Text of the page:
[0025] Two LEDs 22 of the same color are mounted on a small printed circuit board 28. Two are used for increased brightness; however a single LED, or more than two LEDs could also be used. A bridge rectifier 24 ensures that regardless of how the printed circuit board 28 is installed in the housing 10 (FIG. 1), the correct polarity is delivered to the LEDs. Alternatively, mechanical means could be used to ensure that the board 28 may only be installed one way, obviated the need for the rectifier. A resistor 26 limits the current.

[0026] In one embodiment of the present invention, the LED indicator lamps are adapted to work with existing dome lamp housings. Thus, each printed circuit board 28 of this embodiment has a rectangular hole 29 designed to fit over a bulb mounting 16 (FIG. 1) which includes a snap-in socket. When so positioned, electrically conductive rails 25 make electrical contact with electrical contacts 55 (FIG. 10) within the bulb socket 13 (FIG. 1) and pick up the 24 VDC power from the socket. Protrusions 27 on the rails 25 provide two functions: first, when inserted into a socket, they mechanically hold the LED indicator lamp in place. Second, they provide the electrical connection to the socket.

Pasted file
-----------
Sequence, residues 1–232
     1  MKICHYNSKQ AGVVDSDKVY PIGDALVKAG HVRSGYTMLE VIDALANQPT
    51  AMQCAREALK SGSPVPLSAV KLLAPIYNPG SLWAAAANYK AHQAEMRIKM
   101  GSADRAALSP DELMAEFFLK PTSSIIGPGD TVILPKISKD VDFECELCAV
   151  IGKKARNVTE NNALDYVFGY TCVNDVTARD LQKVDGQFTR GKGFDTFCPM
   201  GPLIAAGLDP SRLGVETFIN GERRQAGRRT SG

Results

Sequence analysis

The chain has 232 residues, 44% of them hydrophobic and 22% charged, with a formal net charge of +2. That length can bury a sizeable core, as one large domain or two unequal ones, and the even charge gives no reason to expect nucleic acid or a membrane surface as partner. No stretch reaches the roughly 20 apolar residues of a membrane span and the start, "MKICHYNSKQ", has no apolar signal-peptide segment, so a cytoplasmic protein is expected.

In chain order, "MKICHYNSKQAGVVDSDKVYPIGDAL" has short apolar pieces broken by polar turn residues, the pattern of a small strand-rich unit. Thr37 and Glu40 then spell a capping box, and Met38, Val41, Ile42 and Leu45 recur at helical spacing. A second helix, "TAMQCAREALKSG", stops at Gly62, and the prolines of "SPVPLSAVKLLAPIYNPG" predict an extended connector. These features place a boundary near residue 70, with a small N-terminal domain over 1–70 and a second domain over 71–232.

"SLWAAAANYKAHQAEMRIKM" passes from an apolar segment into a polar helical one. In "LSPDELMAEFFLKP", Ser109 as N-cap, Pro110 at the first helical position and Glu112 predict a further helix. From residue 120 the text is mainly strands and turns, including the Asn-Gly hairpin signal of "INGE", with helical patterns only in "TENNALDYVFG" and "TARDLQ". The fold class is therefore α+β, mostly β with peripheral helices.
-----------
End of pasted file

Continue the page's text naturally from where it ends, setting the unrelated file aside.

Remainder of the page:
[0027] In another embodiment, two different colors are available within a single LED indicator lamp, which displays one of the two colors depending on the direction of current, i.e., the polarity of the 24 VDC power. FIG. 5 illustrates a populated printed circuit board 31 for a dual color LED indicator lamp in accordance with the present invention. Again, two LEDs are used for each color for brightness, but different numbers could be used. A first set or pair of LEDs 34, when activated, light in a first color, for example, white; a second set or pair of LEDs 36, when activated, light in a second color, for example, blue. A resistor 38 limits the current.